A crime can be expensive for the perpetrator and the victim alike. The perpetrator faces jail time, court costs, and a criminal record. The victim faces recovery from their injuries and psychological damage. Some courts order convicted criminals to pay restitution to the victims, but not always. How do victims obtain payments for their injuries after the criminal case is over?
This article will explain the differences and similarities between civil and criminal cases by reviewing assault and battery, one of the most common crimes and most common intentional torts.
What Is Assault and Battery?
When discussing "assault and battery," it's important to distinguish between criminal assault and battery and the intentional tort of assault and battery. The actions are identical, but the outcomes are different.
Criminal Assault and Battery
Depending on the jurisdiction, assault and battery may be two separate criminal acts, although they almost always occur together. Some states have abandoned "assault" as a separate crime and combined it with "battery" as a single offense. For this article, "battery" refers to the criminal version.
Criminal battery is "intentional and unlawful touching without acting in self-defense or defense of another." The lightest touch is sufficient to accomplish battery. Still, it's unlikely a prosecutor would bring assault charges for bumping against anyone.
Criminal battery requires an intent to cause physical harm, the mens rea of crime. The intent to harm elevates intentional contact from a tort into a crime. Simple battery is usually a misdemeanor. In most states, there are increasing levels of battery. Sexual battery is often charged as a felony sexual assault crime. Whether the parties say it is or not, domestic violence is a crime.
Tortious Assault and Battery
The tort of assault is separate from the tort of battery. Assault is any convincing threat of imminent harm. The threat must cause apprehension in the victim. The person making the threat must be doing so intentionally or recklessly. Furthermore, any reasonable person would feel that the words and actions are a threat of bodily harm.
Battery is an act of intentional or offensive physical contact. It is possible to commit battery without assault. Walking past someone and smacking the back of their head would constitute battery without assault.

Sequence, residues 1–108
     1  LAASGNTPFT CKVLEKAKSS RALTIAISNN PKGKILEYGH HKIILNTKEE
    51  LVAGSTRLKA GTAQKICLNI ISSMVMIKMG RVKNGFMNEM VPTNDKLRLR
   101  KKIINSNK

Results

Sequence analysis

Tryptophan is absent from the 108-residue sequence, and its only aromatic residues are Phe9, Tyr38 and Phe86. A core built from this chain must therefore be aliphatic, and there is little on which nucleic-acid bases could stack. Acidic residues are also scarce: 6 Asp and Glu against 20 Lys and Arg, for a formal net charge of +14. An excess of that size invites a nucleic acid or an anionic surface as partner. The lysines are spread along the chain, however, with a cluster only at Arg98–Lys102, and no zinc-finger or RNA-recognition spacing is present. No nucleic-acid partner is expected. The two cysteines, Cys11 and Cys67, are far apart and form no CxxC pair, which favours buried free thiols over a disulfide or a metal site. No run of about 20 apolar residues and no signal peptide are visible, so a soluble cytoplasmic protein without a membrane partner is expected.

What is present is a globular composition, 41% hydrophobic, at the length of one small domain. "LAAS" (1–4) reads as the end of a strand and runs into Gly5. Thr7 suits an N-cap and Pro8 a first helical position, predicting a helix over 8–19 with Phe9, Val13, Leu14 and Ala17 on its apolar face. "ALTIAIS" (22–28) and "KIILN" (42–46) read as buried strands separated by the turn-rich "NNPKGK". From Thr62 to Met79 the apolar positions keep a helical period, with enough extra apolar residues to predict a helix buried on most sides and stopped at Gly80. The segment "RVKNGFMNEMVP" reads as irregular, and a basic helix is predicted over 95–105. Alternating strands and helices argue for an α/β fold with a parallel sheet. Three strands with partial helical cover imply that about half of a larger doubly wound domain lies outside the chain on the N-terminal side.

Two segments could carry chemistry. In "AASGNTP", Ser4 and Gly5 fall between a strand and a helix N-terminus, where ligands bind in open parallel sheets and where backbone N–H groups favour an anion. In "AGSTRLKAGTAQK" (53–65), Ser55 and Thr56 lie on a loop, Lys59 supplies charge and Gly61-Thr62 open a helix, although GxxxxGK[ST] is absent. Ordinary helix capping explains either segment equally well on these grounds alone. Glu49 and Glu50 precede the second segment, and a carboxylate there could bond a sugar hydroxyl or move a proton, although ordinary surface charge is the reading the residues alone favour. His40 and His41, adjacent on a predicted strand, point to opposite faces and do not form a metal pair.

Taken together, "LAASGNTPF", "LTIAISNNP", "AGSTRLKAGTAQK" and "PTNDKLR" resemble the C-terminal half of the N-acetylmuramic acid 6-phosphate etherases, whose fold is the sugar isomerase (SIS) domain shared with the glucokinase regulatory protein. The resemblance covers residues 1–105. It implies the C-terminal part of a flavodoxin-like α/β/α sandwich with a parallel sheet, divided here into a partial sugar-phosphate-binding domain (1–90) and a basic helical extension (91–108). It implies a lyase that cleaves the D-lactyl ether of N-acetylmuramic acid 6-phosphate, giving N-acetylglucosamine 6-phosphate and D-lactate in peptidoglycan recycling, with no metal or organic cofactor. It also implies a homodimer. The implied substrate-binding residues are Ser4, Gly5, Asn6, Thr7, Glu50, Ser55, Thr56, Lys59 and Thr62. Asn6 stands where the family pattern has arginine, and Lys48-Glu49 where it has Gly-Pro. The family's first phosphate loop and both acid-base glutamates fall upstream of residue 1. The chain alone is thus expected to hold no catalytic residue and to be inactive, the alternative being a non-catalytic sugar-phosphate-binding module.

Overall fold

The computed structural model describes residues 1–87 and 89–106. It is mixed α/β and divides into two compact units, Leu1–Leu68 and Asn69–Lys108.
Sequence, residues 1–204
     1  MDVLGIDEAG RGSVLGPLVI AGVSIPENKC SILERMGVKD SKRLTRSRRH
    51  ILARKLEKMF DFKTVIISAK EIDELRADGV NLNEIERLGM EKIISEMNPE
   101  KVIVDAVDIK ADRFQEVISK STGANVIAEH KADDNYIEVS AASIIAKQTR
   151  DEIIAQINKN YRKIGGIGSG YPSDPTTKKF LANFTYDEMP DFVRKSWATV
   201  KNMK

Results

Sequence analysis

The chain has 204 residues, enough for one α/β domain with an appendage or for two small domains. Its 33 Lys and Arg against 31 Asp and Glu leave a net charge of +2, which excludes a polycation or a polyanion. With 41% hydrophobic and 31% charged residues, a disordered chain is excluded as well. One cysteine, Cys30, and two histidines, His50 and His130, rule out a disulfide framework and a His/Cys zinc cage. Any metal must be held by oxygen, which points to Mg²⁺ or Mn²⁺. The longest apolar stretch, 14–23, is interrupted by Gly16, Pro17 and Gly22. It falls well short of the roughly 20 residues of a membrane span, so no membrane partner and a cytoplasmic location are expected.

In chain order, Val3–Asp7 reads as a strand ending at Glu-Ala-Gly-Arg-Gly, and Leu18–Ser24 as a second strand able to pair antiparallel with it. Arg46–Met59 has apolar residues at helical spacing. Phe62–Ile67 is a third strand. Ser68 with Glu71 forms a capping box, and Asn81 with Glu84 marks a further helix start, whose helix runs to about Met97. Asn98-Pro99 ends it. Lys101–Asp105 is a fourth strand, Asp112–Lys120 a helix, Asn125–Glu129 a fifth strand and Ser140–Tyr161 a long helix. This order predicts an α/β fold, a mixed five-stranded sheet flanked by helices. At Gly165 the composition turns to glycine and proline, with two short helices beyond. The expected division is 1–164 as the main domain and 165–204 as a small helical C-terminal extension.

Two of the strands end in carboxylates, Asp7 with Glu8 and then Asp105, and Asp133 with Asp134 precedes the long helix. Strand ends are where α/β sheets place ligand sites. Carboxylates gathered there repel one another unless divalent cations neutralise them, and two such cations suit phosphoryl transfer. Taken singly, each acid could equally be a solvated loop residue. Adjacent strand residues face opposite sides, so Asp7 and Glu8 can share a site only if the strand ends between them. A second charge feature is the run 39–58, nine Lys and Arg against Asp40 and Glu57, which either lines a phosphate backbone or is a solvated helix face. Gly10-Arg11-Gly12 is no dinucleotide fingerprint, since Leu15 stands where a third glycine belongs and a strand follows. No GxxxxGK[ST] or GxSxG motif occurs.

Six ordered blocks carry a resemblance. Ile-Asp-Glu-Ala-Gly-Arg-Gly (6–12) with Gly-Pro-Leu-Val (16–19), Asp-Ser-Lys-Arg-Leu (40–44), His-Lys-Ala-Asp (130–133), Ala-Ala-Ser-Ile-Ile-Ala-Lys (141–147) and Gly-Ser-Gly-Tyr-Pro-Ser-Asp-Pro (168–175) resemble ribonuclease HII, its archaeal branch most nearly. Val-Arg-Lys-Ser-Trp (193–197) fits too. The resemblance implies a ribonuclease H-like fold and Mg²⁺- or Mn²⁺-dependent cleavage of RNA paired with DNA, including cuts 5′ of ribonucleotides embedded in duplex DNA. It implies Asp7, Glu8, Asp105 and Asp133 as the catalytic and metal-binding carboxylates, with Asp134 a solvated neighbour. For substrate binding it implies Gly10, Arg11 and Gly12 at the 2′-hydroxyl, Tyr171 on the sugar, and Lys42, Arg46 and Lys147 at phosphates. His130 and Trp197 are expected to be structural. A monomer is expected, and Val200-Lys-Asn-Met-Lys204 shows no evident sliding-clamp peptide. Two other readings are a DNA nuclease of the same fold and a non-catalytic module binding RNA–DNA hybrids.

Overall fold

Any offensive contact can be grounds for tortious battery. Unlike criminal battery, civil assault and battery only need to be intentional to be actionable.
Comparing Criminal and Tortious Assault and Battery
The difference between a crime and a tort is the intent. In a criminal act, the intent is to cause harm. In a tortious act, the intent is to cause the touch. If you walk past someone and smack the back of their head, you may not have intended to hurt them, but you did intend to touch them. If you don't hurt them, you may not be criminally charged, but you might be civilly liable.
Proving an Assault and Battery Case
If you have been the victim of an assault and/or battery, you do not need to worry about proving the criminal case. That is the prosecutor's job. If the matter was a simple assault, and no criminal charges were filed, it wouldn't affect the civil case.
Unlike a personal injury claim, in which there could be car accident photos and police reports, assault and battery cases may have nothing but your word and that of witnesses. An assault claim may come down to your word against the perpetrator's.
Burden of Proof
In a civil case, the burden of proof is on the plaintiff. You and your assault and battery lawyer must show that the defendant committed an intentional act that caused apprehension of imminent harm. If you were a victim of battery, you need to provide medical bills, proof of lost income, and other evidence to support your battery claim.
In a civil suit, the burden of proof is "preponderance of evidence" — that is, showing it's "more likely than not" that the defendant committed the offense. In a criminal case, where the defendant's liberty is at stake, the standard is "reasonable doubt."
Statute of Limitations
In any tort case, the statute of limitations determines how long you have to bring your case. Depending on state law, you may have as little as one year or as many as six. You do not need to wait for a criminal case to be finished to file your civil claim. Some states “toll" or suspend the statute of limitations for civil cases while criminal cases are pending, but some don't. You should talk to an assault and battery attorney to find out what your state does. Waiting too long could ruin your chance of filing a civil claim.
In a criminal case, state law limits the terms of sentencing. In a civil case, you may recover whatever the judge or jury feels is appropriate, including:
- Economic damages, such as medical expenses, lost wages, and future income
- Noneconomic damages, including pain and suffering, emotional distress, and loss of consortium
- Punitive damages, which are not usually awarded in civil court but may be justified in serious assault and battery cases
Tort cases, including personal injury cases, make the victim whole economically. Even in an assault and battery case, a personal injury lawsuit provides monetary compensation for the victim, not punishment for the offender.
Finding an Assault and Battery Injury Lawyer
"Assault and battery" is not a legal practice area. You need a personal injury lawyer for legal advice, not a criminal defense attorney. A personal injury attorney nearby will review your case and start your civil lawsuit.